November 30th, 2005 08:38 EST
This country likes to celebrate anniversaries. Last year, we celebrated the 50th anniversary of the 1954 Brown v. Board of Education Supreme Court decision. This weekend will mark the 50th anniversary of Rosa Park’s decision not to give up her bus seat in Montgomery, Ala. What many people don’t realize is that there were two major Brown decisions in the mid-1950s. The landmark ruling outlawing “separate but equal” schools was handed down in 1954. A companion ruling was issued in 1955 calling for schools to be desegregated “with all deliberate speed,” which essentially meant no speed at all.
Perhaps it is fitting, given this propensity for celebrating the past, that this week – 50 years after the second Brown ruling – that the Metropolitan Center for Urban Education at New York University has issued a report titled, “With All Deliberate Speed: Achievement, Citizenship and Diversity in American Education.” The 44-page report, available online, does more than revisit the 1950s; it outlines a series of steps to improve public education.
After pointing out that the U.S. is undergoing one of the most profound demographic transitions in history, the report observes: “Unfortunately, the United States continues to have an unequal and two-tiered system of public education. Even as the United States becomes increasingly diverse, our nation’s K- 12 education system remains unequal and increasingly segregated by race and income.”
The report says the country has a mixed record on eradicating the last vestiges of its Jim Crow public education system.
“We are a nation ambivalent,” it observes. “We are both for integration and against it. We are for equality, but we are unwilling to create and sustain policies that ensure equal opportunity. We are for academic success for all children, but we allow millions of them to remain isolated in inferior schools.”
We have traditionally shifted too much of the burden to the schools. “Desegregation failed in some communities because almost the entire burden of integrating our society was placed on our public schools,” the study says. “That was a mistake we cannot afford to repeat.”
“...We, therefore, recommend a fundamental change in the relationship between schools and the community, where both are seen as having a shared responsibility in the education of all children.”
To do its part, the community should take over responsibility for providing the schools’ support services, freeing teachers to concentrate on what they do best – teach.
The schools must also change.
“Even today, too many of our schools still are being used as sorting machines –sorting children into those who are college bound, those who will use basic skills and those who will be left behind,” the report said.
In order to do better, the report argues, diversity must be part of the equation long before students enter the first grade.
“If we expect all of our children to go on to college and have diverse learning experiences and then go on to work with people from diverse ethnic, racial, social and economic backgrounds, surely it makes sense to prepare our children for these new experiences as early as possible,” the study says.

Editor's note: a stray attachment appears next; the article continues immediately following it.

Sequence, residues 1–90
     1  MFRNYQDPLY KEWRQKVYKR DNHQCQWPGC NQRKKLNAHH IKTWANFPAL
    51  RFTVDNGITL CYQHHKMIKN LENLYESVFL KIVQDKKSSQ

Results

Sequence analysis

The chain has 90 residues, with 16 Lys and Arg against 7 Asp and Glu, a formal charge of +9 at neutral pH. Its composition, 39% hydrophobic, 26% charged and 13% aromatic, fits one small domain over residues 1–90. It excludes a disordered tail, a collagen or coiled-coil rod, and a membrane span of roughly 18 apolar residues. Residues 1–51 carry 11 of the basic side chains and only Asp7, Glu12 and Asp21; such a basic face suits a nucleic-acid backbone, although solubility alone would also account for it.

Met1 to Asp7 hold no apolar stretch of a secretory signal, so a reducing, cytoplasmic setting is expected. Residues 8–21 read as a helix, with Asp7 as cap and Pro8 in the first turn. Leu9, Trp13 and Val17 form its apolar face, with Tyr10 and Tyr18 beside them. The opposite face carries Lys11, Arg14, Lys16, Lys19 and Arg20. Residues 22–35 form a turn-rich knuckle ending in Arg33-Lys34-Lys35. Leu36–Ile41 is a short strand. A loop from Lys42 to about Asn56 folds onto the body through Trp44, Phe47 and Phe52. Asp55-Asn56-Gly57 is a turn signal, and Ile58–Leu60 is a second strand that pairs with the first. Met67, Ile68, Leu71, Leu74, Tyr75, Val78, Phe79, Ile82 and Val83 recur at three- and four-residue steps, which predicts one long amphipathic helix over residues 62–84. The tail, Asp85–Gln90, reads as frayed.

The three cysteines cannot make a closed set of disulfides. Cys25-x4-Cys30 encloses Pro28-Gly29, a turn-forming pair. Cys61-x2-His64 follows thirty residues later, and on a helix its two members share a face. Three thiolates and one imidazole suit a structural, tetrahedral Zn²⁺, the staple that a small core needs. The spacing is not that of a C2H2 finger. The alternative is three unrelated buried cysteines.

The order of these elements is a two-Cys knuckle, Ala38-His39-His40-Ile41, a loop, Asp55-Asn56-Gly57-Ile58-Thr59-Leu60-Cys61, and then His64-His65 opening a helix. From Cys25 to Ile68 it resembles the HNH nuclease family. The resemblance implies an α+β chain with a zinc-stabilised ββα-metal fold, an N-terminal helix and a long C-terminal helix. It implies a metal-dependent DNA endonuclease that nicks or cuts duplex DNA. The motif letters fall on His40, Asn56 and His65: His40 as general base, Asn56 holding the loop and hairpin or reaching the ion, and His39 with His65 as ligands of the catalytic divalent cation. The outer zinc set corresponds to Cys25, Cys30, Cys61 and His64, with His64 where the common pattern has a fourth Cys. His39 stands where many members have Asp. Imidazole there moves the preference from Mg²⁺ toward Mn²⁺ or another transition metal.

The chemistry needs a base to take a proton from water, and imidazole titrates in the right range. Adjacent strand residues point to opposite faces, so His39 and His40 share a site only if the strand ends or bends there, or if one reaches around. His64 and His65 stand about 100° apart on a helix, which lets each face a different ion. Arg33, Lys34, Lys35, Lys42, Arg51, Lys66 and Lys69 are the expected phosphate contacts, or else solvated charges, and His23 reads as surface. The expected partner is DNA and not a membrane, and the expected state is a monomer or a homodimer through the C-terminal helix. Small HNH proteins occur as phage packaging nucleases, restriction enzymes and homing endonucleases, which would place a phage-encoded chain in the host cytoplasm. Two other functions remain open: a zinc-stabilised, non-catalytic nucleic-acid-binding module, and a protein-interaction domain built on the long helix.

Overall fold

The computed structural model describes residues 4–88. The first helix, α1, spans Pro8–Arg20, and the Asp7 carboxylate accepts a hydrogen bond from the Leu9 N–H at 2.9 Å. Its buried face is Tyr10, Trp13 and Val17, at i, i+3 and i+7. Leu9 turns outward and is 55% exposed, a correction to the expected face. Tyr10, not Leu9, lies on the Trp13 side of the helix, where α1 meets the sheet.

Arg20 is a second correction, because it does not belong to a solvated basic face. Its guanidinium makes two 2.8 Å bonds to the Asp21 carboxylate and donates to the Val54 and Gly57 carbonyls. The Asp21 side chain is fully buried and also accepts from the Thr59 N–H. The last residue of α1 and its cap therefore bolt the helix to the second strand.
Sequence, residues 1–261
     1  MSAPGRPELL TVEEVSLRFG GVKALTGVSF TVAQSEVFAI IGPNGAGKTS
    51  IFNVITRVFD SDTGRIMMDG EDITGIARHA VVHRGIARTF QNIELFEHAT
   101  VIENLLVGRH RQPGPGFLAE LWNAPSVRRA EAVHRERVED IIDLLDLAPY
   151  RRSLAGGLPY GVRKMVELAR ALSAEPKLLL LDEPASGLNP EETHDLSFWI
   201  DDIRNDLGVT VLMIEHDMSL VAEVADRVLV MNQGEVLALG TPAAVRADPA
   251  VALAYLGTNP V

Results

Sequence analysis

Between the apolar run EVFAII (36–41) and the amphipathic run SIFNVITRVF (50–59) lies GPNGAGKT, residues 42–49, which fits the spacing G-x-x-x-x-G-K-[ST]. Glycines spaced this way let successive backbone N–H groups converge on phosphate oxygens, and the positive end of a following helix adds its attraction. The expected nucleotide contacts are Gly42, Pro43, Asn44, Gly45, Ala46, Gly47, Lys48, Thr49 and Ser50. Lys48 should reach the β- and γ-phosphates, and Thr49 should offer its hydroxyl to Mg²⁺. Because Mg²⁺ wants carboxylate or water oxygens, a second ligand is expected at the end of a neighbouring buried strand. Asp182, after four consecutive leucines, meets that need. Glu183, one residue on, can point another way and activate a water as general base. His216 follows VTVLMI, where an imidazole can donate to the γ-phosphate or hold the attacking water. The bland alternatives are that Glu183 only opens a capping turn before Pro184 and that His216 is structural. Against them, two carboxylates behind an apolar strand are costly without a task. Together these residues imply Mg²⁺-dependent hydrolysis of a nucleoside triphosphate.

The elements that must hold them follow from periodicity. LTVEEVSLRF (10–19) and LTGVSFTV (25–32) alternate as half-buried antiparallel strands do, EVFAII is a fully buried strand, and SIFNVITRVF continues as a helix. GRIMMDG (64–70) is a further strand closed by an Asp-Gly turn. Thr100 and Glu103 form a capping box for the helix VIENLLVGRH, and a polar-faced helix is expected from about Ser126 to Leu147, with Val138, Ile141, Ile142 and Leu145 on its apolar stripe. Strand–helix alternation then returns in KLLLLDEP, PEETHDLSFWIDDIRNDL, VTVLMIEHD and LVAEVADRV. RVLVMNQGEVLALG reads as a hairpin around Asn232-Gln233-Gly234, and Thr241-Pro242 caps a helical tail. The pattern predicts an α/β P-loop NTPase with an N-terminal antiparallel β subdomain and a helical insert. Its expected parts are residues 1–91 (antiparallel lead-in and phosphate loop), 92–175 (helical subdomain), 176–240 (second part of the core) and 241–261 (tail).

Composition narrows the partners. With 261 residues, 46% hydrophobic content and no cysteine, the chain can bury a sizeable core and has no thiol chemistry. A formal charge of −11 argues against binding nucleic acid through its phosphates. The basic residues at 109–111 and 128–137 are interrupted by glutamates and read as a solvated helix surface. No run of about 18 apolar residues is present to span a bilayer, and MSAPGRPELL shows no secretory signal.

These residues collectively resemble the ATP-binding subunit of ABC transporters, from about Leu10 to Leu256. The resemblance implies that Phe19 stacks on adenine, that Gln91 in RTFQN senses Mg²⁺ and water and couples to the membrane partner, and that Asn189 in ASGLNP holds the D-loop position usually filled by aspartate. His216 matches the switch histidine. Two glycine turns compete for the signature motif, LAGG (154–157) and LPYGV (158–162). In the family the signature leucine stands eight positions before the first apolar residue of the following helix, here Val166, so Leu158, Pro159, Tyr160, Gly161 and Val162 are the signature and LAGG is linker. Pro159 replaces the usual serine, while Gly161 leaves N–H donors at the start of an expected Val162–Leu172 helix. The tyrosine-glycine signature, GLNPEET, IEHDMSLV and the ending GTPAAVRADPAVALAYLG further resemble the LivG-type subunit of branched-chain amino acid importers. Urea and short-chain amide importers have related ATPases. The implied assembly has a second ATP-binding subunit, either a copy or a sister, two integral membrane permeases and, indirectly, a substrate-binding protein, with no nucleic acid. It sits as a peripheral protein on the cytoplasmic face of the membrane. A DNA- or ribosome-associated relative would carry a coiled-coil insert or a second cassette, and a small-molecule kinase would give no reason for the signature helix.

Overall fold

“We are losing ground and jobs to other countries – for example, China and India,” the report states. “Our nation’s ability to sustain our long-term economic success increasingly depends on the very children we are not educating now.”
Put another way: Each year, 1.2 million children do not graduate from high school. Of those, 348,427 are African-American and 296,555 are Latino.
At the college level, almost a quarter of first-year students do not stay around for their second year.
Figures show that only 31 percent of Latinos compete some college and 48 percent of African- Americans, compared to 62 percent of Whites and 80 percent of Asian Americans.
“According to the National Center on Education and the Economy, by the year 2020, the U.S. will need 14 million more college-trained workers than it will produce,” the report states. “Nowhere is college participation lower than among African-American and Hispanic youth; no where is the potential to meet our nation’s need for college graduates greater.”
Among the report’s recommendations:
- Push state legislatures to provide essential and quality educational opportunities, regardless of where the child attends public school;
- Make sure all students have access to a high-quality education and the opportunity for diverse learning experiences;
- Provide additional opportunities, including after-school programs, for students to improve academic skills;
- Create greater regional equity and - Support and stabilize integrated residential communities.
Whether we accomplish those goals will impact our national security, our ability to compete globally and field an able military, the report says. That alone should be incentive to take on these tough issues.
George E. Curry is editor-in-chief of the NNPA News Service and BlackPressUSA.com. He appears on National Public Radio (NPR) three times a week as part of “News and Notes with Ed Gordon.” To contact Curry or to book him for a speaking engagement, go to his Web site, www.georgecurry.com.